On Darkness and Horror

When the Lights Go Off…

Image from Taringa.net

Horror dwells in the shadows. Unseen, hidden, obscured. Where you cannot see it.

Look beyond the obscurity. It’s there. Waiting. Ready to surprise you. Reach out. Ready to step into the spotlight and give you chills.

You can hear it, smell it, perhaps. You can feel its presence. It is waiting. Run!

Are you scared yet?

The truth is, horror, the genre meant to scare you off –ironically– shines better when it is constrained to darkness.

There is something about losing the ability to see well and trust our senses that is disconcerting and frightening.

Also, most of the tropes associated with horror fit in the darkness. Monsters, vampires, in particular, the supernatural, criminals, serial killers, et cetera, hide in the darkness. Unseen like the true night predators they are.

Ghosts? Spirits? Demons? Have you ever seen one in the daylight? Those stories are rare. It is always in the darkness. Away from the lights, the sun, the brightness.

It is almost as if every monster conceived by writers was allergic to the sunlight.

The truth is that is much easier to scare you senselessly when we take away your senses. And taking away your sight makes every single little noise suspicious, every single touch unnerving, and every single smell suspicious.

Indeed, horror lives in the darkness. Darkness takes away our feeling of safety.

Let’s explore it further.

Our Primal Fear of the Dark

A silhouette in the dark could be anything.   Photo from Southeast Asia website Wanuxi.com

Fear of the dark is such a primal human predisposition. Almost genetical. Most likely an evolutionary adaptation. We must remember street lights and electricity are modern inventions.

Before the twentieth century, people used torches and candles, as well as gas lamps, which incidentally creates weird shapes and shadows.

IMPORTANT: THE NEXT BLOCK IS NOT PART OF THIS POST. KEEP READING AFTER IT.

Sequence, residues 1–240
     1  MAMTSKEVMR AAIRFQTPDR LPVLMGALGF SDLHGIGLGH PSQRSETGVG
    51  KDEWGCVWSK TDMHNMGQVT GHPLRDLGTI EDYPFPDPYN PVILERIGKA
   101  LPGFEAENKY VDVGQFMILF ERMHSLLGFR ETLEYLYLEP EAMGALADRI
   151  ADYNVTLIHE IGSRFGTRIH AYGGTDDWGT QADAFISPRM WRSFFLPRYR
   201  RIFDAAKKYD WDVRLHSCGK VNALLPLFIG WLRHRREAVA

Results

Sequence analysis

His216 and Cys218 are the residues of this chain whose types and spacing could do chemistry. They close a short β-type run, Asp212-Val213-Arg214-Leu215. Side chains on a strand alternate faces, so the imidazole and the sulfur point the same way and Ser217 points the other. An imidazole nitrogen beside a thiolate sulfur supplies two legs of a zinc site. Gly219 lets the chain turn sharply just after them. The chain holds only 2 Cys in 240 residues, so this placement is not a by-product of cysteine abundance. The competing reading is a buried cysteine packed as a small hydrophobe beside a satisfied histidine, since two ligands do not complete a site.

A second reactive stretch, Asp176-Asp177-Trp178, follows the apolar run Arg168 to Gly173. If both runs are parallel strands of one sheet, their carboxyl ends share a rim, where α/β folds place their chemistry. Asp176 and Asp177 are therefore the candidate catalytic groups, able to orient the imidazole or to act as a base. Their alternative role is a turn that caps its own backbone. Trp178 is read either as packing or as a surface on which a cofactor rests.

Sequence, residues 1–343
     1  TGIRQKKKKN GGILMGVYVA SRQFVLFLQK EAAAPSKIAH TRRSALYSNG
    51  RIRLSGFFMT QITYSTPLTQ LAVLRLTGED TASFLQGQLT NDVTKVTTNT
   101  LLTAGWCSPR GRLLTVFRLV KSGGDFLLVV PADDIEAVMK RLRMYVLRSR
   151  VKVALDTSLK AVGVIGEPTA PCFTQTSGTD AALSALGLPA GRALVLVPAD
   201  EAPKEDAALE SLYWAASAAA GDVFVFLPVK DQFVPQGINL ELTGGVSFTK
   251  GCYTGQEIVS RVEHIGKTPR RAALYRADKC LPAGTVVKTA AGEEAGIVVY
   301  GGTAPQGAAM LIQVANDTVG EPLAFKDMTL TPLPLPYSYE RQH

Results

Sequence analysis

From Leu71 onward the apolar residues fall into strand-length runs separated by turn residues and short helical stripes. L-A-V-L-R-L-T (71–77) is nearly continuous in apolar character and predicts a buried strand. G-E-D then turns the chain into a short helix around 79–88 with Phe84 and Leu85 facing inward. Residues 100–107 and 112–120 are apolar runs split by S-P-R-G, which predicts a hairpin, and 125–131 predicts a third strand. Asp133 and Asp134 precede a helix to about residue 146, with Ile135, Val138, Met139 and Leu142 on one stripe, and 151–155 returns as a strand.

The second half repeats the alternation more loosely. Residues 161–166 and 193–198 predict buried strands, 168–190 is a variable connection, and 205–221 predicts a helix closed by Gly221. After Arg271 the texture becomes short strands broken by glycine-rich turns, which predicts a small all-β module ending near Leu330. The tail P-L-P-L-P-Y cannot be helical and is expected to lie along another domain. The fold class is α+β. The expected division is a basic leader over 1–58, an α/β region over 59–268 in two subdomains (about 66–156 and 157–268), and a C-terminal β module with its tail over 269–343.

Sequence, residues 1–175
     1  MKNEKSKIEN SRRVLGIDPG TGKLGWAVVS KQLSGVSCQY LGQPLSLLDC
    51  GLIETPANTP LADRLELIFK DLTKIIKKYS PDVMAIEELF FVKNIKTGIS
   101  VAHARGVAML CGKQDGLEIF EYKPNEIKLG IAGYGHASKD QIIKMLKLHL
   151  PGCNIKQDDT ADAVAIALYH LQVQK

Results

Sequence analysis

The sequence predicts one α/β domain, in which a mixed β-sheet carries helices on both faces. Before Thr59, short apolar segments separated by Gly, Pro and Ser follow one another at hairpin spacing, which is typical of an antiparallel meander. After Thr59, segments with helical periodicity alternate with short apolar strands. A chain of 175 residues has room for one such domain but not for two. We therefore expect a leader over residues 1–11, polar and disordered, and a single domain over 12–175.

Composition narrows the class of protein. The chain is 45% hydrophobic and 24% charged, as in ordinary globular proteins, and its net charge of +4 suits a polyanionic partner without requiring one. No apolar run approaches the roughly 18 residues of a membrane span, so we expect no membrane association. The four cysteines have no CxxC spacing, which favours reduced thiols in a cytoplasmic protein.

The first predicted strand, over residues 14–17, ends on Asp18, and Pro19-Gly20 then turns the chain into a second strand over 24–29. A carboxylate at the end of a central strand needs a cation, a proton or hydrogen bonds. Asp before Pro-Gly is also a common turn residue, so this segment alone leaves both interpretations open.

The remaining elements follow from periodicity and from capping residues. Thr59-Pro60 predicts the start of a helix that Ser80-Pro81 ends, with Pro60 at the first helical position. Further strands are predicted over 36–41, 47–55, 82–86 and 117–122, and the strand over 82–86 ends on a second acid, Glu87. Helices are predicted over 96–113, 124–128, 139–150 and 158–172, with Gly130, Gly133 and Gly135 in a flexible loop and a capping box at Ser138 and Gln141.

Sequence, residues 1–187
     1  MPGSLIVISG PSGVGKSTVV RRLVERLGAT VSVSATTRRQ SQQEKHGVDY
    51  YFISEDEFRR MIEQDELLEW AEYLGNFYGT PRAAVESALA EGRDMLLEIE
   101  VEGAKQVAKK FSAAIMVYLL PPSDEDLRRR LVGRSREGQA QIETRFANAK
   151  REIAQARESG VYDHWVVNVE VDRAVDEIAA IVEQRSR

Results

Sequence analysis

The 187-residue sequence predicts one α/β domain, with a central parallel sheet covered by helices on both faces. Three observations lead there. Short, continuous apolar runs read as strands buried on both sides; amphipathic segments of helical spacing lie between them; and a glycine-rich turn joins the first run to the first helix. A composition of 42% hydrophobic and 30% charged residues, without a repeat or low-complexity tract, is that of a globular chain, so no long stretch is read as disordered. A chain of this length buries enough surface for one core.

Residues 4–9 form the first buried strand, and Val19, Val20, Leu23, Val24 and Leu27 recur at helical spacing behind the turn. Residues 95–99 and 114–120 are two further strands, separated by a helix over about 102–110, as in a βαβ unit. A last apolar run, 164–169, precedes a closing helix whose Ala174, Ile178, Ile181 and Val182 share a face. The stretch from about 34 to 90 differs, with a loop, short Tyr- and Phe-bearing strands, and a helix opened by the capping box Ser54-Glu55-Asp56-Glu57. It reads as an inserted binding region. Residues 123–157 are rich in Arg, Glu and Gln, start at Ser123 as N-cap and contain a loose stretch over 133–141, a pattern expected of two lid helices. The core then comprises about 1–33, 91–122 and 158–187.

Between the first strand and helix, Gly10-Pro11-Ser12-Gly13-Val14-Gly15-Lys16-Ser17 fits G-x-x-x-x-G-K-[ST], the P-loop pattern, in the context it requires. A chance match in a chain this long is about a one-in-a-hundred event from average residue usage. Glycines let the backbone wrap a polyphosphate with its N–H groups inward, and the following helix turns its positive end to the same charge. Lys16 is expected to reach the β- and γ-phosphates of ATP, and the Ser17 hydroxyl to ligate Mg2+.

Darkness is inevitable. Nightfall falls daily regardless of season or weather conditions. We humans have to sleep eventually. Preferably in the dark.

If you the reader are anything like me, you are as afraid of the dark as I am. You probably used to sleep with a tiny light on in the bedroom because you were afraid of ghosts and monsters. (Yes, I still am and still do).

What is darkness if not the absolute absence of light? How terrifying! How creepy!

When we cannot see, our imagination usually fills the blanks. And there is nothing scarier than those thoughts conjured by our imaginations.

No wonder the Bible begins with the words “Let there be light” (Gen. 1:4). Even the Lord knew permanent darkness was not good.

Primal fears are fertile ground for writers to explore and exploit. For example, an abandoned house, a forest, even a cemetery are not scary during the daytime. However, at nighttime, they can be scariest, most petrifying, chilling settings.

Darkness is not our friend. Darkness is the source of our terrors.

Danger in the Dark

Something lurks in the dark. Pinterest image.

Even without ghosts and monsters, the dark is dangerous. Moreover, darkness increases and invites danger.

Who has not hit themselves or tripped while trying to walk in the dark? Who hasn’t got lost?

Who has not jump suddenly, hairs raised, as they felt something harmless (like a cat or a dog) touch them in the dark?

Because the real danger and fear of darkness are not knowing. To be completely unaware of your surroundings and those nearby.

In particular, psychological horror with its unreliable narrators is perfectly fit to induce fear through locations devoid of light.

Night, shadows, and darkness are horror tropes because they work.

In most horror stories, only the moonlight is enough. Let darkness reign. Let shadows engulf us.

man walking downstairs in the dark, image: Tenor

No horror novel worth their frights ever took place in a beautiful, sunny, illuminated place. None.

Light is comforting whereas darkness is unnerving.

Another cliche is when the lights flickered, the flashlight batteries die, or the power gets cut. It never fails to increase the danger quotient and stress level for your characters.

Granted, a good writer could write a horror story without darkness and shadows. Nonetheless, it would be the exception, not the norm.

In any event, turn off the lights. Every single one. Embrace the gloom. Abandon all hope. Close your eyes and listen carefully. Walk slowly, cautiously. You never know what is hiding behind the curtain. What lies in the shadows.

But is there, waiting. Reaching. Beware when the lights dim. You are warned.

Are you afraid of the dark? Can you have horror stories in a bright setting? Would you read them? Or do you feel the dark setting is overdone? Voice your opinion in the comments section.


No Responses

Leave a Reply

Your email address will not be published. Required fields are marked *

This site uses Akismet to reduce spam. Learn how your comment data is processed.

March 2023